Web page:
Phishing: Fraudsters disguise themselves as a trustworthy entity in order to obtain sensitive information
“Why would your bank ask you for information that it already has? ”
Obtaining sensitive information by posing as a trustworthy entity, such as a bank, local government authority, telephone operator, etc.
Most commonly, fraudsters send an email to a huge number of internet users. The alarming nature of the message will persuade some recipients to connect to a bogus website and input their information.
Hone your reflexes: what to do if you receive a suspect email
Be aware of the signs to look out for: inconsistent sender email address, grammar or spelling mistakes or typos, a link or site without a full URL:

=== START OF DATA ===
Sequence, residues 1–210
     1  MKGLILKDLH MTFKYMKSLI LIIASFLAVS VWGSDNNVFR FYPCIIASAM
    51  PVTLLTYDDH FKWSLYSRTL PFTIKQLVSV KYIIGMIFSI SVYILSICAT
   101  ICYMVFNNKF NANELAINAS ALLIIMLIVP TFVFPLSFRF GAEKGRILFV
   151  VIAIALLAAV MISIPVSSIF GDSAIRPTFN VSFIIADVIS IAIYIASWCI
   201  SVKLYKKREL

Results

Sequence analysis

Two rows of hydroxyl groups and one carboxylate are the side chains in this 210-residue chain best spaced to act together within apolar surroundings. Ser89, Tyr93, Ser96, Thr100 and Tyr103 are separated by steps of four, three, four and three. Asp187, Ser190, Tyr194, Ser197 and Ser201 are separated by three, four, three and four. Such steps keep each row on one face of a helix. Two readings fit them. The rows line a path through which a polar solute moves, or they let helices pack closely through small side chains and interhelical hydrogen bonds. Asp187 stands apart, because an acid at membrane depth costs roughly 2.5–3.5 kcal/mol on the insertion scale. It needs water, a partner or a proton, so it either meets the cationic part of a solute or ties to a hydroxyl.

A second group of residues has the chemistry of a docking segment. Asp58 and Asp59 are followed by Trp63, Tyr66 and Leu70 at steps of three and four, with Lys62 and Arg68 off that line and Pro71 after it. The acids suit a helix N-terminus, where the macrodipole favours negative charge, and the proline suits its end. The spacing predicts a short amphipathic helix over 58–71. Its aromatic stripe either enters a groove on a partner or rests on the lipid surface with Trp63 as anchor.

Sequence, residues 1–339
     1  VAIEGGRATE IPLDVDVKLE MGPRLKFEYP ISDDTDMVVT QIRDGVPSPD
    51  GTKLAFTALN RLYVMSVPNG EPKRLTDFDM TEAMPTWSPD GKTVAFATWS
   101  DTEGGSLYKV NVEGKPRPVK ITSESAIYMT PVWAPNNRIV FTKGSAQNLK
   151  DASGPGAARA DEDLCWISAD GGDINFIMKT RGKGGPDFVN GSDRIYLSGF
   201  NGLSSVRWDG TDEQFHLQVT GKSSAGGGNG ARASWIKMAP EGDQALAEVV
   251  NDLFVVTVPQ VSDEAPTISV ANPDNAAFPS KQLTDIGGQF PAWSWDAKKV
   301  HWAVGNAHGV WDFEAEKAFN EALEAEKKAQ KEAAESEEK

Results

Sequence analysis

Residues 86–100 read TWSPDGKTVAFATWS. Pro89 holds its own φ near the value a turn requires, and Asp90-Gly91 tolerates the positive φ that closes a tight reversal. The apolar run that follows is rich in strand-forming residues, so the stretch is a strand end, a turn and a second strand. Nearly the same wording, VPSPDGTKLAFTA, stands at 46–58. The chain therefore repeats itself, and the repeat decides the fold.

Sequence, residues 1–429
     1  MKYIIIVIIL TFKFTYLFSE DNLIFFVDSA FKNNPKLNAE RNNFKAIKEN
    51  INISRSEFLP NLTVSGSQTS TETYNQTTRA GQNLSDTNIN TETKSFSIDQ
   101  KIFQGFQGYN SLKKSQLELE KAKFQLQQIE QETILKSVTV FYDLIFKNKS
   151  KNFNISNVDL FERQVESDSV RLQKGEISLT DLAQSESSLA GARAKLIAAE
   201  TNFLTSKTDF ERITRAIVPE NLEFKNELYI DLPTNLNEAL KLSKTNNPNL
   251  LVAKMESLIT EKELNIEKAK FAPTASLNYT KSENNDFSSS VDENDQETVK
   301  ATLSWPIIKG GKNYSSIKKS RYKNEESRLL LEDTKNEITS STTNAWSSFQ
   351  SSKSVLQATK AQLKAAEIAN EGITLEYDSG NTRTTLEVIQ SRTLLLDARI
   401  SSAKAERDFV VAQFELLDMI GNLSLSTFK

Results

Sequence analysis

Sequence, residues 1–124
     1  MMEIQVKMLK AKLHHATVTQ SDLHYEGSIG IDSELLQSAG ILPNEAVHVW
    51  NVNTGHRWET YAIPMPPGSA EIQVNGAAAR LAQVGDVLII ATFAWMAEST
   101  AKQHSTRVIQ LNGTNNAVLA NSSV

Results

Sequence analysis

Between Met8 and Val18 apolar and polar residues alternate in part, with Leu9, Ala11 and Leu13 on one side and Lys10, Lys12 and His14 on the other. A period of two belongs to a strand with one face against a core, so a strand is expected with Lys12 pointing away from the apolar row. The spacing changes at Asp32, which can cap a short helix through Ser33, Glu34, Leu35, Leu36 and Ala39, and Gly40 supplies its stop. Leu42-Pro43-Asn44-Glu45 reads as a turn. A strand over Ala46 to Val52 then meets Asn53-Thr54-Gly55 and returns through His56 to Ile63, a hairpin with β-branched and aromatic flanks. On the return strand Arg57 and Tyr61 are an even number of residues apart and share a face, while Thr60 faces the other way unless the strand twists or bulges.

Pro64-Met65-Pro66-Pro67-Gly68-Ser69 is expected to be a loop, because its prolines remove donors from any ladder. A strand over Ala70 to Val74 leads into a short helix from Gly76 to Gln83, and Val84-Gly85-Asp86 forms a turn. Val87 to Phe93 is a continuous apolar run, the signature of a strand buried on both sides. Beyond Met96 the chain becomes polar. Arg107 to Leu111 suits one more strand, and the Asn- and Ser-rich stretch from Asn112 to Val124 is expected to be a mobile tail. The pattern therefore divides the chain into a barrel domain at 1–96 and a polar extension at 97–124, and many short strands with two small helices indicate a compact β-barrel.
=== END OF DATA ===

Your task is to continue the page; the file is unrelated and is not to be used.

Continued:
- Do not click on the links
- Do not open attachments
- Do not reply
Remember that a company will never ask you for information that it already has (e.g. in the case of a bank, your bank account number).
- Limit the information you disclose (social media, websites, standard letter templates, signature, etc.).
Be wary of any unusual request and trust your instincts: if a request seems suspicious, it probably is!
- Verify the legitimacy of any such request, by calling a number provided previously.
If the Societe Generale name is being used fraudulently, forward the email to firstname.lastname@example.org